On state-owned and private collections of postcards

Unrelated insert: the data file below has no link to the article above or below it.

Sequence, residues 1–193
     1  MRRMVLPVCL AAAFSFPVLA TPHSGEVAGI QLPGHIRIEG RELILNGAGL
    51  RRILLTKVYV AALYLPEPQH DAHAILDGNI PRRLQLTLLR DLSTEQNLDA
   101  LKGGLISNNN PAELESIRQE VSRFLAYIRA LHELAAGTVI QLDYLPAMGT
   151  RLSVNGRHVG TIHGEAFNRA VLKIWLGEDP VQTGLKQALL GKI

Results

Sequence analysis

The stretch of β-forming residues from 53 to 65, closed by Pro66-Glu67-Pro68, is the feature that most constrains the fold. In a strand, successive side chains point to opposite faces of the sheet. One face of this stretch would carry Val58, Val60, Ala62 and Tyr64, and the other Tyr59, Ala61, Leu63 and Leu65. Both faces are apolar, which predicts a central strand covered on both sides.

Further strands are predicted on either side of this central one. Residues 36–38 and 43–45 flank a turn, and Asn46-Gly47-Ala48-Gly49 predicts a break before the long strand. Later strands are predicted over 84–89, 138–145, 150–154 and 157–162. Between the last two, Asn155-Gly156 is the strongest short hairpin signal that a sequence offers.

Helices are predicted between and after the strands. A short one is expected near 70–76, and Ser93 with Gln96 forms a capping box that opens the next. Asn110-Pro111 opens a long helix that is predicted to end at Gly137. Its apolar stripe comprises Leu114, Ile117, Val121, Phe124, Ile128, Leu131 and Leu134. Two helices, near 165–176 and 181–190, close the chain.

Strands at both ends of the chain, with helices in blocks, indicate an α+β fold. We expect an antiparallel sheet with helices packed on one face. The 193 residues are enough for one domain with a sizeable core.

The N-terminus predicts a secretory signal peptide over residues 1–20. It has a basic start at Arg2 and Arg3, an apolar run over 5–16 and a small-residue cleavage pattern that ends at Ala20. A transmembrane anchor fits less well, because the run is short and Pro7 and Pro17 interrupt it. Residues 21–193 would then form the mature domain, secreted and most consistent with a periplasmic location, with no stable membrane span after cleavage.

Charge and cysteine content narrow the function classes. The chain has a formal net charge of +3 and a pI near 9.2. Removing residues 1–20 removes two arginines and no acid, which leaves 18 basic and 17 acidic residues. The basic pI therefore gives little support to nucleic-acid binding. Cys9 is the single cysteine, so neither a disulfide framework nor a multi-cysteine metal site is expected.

Postcards, the origins of which go back to the 1870s, became hugely popular at the turn of the centuries as a widely available, inexpensive and visually attractive means of disseminating information. This was also the time when the first private collections were built up. The biggest Polish collection, which belonged to Stanisław Rzeźniecki, comes from a slightly later period (fifty thousand items from it are now kept at the Mikołaj Kopernik University Library in Toruń). The interest in postcards was rekindled in the 1960s. An important role in the studies of postcards was played by an exhibition organised in 1987 at the National Museum in Wrocław under the title “The world in the 10×14 format.” The present article focuses on two important collections: one state-owned collection – at the National Library in Warsaw, and one private collection – belonging to a well-known post- card collector, Bohdan Dunin-Wilczyński. The postcard collection in the iconography department of the National Library now has over 100 thousand items, many of which are the so-called mandatory copies from the Social Life Documentation Unit. Bohdan Dunin-Wilczyński’s collection – comparable in size to that of the National Library – is quite different. It is based on family collections, gradually compiled over 45 years. Apart from Marek Sosenko, Robert Kreczmański or Jerzy Zieliński, Dunin-Wilczyński is one of the few “total” collectors in Poland, a man of very diverse interests and specialisations, made more and more specific over the years. This collection of over 100 thousand items is dominated by postcards dated before 1939. The biggest set – of about 20 thousand items – comprises “topographic” cards that depict not only Europe but also other continents, though predominant themes are Polish (about 14 thousand cards issued before WWII). The set of cards with reproductions of Polish paintings numbers about 15 thousand items.